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4 beautiful gardens in the Cotswolds
Of course there are more than 4 beautiful gardens in the Cotswolds, in fact, the Cotswolds is full of wonderful gardens. However, in this post I am going to take you to four of them.
1) Sezincote – a slice of India in the middle of England
Sezincote was created by three brothers. Charles Cockerell was serving with the East India Company in India and upon his return he bought the estate. He wanted to build a country house here, but unfortunately, he passed away three years after he had bought the place. His brother inherited it, who then hired the third brother, Samuel Pepys Cockerell to design the house. Samuel was an architect and although he has never been to India, he knew the Indian architecture well and decided to build it in a Mughal style.
But what is a Mughal style?
Emperor Akbar, who ruled the Indian empire from 1556 to 1605, ‘deliberately mixed Islamic and Hindu elements in architecture in an effort to culturally integrate’ his kingdom, thus creating the Mughal architecture.
Sezincote is dominated by its red sandstone colour, typical in Mughal architecture, but features a copper-covered dome instead of the typical white marble. Complete with minarets, peacock-tail windows, jali-work railings and pavilions. The interior is purely classical – Greek Revival – and no attempt was ever made to Indianise it.
The landscape was designed by one of the most popular Georgian landscape designers, Humphry Repton. It is essentially a renaissance-style garden with elements of Hindu style, as seen in the crescent bridge with columns. But there is so much to see in this beautiful garden! There are Brahmin bulls on top of the Hindu Bridge, a Snake Pond, a Temple of Surya, the God of Sun, a crescent orangery etc.
If you think, Sezincote resembles the Royal Pavilion in Brighton, you are right. It does! That’s because the Prince Regent visited Sezincote in 1807 and fell in love with the building so much, that he had the plans of the Royal pavilion changed and John Nash, the most famous architect of the Georgian era, had to redesign it.
2) Snowshill Manor
Although I have seen many pictures about it in books and on social media, I had no idea how much this place has to offer. It is definitely a place you have to visit and see it for yourself, I would say. Walking in of one of the most famous gardens of the Cotswolds is a completely different experience.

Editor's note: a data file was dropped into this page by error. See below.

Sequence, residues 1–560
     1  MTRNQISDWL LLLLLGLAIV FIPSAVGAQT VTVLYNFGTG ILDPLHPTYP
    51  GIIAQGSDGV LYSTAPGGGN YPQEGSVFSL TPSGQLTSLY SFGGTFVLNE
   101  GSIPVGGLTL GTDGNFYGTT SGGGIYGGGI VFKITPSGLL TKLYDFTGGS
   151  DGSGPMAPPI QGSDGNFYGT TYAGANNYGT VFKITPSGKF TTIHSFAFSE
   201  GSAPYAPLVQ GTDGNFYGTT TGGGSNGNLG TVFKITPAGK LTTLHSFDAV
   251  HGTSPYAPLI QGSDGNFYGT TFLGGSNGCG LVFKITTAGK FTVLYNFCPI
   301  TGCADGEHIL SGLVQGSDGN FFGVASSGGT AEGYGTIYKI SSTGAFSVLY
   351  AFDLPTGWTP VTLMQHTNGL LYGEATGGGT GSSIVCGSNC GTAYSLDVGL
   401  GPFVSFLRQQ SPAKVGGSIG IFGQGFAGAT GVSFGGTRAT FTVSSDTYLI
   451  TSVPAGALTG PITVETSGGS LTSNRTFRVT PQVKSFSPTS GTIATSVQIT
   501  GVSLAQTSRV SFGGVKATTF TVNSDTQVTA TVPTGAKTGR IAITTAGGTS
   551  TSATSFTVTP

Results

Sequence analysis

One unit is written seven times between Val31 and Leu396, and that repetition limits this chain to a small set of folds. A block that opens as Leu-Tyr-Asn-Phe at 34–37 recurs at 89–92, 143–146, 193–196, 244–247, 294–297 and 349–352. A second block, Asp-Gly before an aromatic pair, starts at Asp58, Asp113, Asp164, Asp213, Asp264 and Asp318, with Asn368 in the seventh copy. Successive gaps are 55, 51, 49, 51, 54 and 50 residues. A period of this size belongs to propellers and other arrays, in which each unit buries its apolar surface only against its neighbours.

Snowshill was bought by an eccentric gentleman, Charles Paget Wade in 1919. He wanted to renovate the Tudor manor house and build a garden around it. I do not think it would be an understatement to say that Wade was perhaps as strange as he was talented: he was interested in interior design, painting and craftsmanship, he then became an architect and a passionate collector of different objects and also wrote poems. In the first world war for example, he tried to make a room cosy by adding hessian lining, putting pictures on the wall and making a cupboard for military papers. His officer asked him to make the room look more practical, so Wade hung maps in frames on the wall. A general thought Wade was very clever to achieve so much with so little.
Wade was not only interested in interior design, but in collecting antique things and objets d’art. He turned into a passionate collector and during his life he collected 22,000 pieces of furniture, instruments, toys and paintings and other objects.
So now you start to realise that he was indeed a bit strange…
Wade let his friend architect, M. H. Baille Scott design the garden in Arts and Crafts style. Wade was keen to use local materials and craftsmanship and according to him, the purpose of a garden was to rest and think in them, to enjoy the birdsongs and to provide food for insects. He disliked deck chairs, but was of the opinion that a properly designed bench, well positioned, could be a nice element of the garden. Wade thought turquoise was the best colour for nature, therefore all garden elements were painted turquoise, or Wade Blue.